Friday, 30 November 2012

Balance in the Elderly


Following on from my last blog, in which I discussed the importance of ankle rehabilitation and stability, here I will discuss how important ankle stability is with regards to balance in elderly people. As we age, we tend to move less and less, resulting in our joints and muscles stiffening up, which in turn results in less movement again. This vicious cycle continues until we are barely able to move which in turn affects our ability to perform activities of daily living.

When you see an elderly person, the first thing you notice is the typical stooped posture and shuffled walking pattern, both of which are major contributing factors to the high prevalence of falls in the elderly. I will discuss posture in the elderly in the next blog.

Limited ankle stability and mobility are also major contributing factors to loss of balance and thus falls in the elderly. Hence, I again stress the importance of rehabilitating the ankle following an injury, so that movement and strength of the joint are regained as soon as possible. The longer it is left, the worse it will become.

A common movement that becomes limited is lifting of the toes to allow for a heel strike. The ankle mobility required for this movement is reduced and the muscle in front of the shin becomes weak. The consequence of this is that the toes drag along the floor, hooking on uneven surfaces and thus causing a person to trip and fall. A good exercise to prevent this: sit in front of the TV and tap your toes, making sure to lift them as high off the ground as possible, while keeping the heels down. A simple and highly effective exercise!

Another exercise that will help maintain the mobility of the ankle joint is to write the letters of the alphabet using the ankle, so that it is moving in every direction. Again, this can be done while sitting in front of the TV, but be sure to concentrate on moving the ankles through their full range of motion!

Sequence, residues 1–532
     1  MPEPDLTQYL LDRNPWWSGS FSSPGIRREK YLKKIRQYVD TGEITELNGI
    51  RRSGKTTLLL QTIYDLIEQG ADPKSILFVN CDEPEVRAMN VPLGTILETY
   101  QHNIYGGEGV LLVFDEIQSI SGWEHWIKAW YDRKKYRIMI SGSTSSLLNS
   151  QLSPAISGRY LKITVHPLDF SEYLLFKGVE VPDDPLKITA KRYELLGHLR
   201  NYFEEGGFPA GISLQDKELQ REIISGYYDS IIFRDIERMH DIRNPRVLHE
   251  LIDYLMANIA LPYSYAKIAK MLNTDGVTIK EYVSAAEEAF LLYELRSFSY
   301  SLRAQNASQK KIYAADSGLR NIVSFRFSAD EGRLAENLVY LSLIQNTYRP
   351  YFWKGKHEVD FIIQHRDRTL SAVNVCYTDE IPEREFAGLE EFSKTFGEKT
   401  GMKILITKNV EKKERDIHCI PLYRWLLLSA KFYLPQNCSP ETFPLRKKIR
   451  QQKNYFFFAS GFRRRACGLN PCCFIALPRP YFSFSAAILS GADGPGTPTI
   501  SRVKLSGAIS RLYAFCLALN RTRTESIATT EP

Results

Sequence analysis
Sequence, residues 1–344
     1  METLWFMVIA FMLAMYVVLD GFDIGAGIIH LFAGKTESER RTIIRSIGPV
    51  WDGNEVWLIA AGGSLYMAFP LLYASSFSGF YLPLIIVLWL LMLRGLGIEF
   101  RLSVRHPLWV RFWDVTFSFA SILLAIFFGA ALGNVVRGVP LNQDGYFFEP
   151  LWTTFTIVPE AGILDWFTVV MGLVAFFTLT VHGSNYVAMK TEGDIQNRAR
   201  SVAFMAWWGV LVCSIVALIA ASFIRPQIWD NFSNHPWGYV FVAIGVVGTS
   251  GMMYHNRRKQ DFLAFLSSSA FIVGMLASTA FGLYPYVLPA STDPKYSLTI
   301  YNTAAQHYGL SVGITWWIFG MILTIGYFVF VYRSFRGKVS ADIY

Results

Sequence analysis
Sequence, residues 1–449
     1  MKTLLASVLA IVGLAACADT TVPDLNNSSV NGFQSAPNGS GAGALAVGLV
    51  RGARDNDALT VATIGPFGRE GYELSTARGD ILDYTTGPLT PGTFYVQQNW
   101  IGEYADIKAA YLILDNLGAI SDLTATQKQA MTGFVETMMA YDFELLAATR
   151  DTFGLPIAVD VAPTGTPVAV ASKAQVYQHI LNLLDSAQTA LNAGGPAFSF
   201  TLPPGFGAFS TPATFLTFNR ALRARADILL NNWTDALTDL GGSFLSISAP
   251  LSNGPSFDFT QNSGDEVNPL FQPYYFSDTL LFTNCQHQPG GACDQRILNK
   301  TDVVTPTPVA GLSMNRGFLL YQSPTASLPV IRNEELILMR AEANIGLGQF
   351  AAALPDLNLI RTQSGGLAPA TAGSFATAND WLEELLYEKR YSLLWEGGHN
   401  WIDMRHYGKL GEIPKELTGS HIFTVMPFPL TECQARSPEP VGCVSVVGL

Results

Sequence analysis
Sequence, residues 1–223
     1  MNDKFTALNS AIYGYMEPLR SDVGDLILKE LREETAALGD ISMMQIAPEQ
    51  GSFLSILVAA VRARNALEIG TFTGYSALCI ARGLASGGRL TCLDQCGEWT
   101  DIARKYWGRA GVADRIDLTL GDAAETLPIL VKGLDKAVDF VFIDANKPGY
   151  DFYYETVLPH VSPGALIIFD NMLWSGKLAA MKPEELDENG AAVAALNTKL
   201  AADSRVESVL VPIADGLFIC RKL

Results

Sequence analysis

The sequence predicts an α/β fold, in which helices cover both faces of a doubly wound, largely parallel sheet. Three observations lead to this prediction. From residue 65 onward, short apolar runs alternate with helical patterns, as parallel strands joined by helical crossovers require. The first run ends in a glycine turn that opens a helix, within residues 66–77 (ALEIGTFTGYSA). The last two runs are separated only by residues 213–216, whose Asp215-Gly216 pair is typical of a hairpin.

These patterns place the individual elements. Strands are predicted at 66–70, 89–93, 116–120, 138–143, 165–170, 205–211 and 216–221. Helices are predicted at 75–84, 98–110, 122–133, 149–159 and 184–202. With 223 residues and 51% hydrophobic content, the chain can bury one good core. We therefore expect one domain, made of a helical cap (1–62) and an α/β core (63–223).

The calves are another muscle group that need to be kept strong in order to assist with walking. While standing in the kitchen waiting for the kettle to boil, hold onto the counter and rise up onto the toes and then lower. Repeat this at least 10 times, 3 times a day.

The next group of muscles to target are the hip flexors – the muscles allow you to lift your knees up. These need to be strong so that you can lift your leg up off the ground to achieve a heel strike. To strengthen these, simply march on the spot, again holding onto the counter while waiting for the kettle to boil.

Finally, balance is required to walk, thus it is vital to practice balancing on one leg so that the ankles stay accustomed to it. Again, while standing at the kitchen counter, stand on one leg, keeping your hands near the counter to catch you if necessary – safety first, as you do not want to fall!



Remember: when you walk, you need to lift your knees to pick your feet up off the ground, strike the ground with your heel and then push off with your toes. Watch where you walk, and if the surface is uneven, exaggerate the movements so that you don’t trip!

If you are struggling with walking and balance, consult a Biokineticist, as it is essential to keep moving as much as possible as you age!

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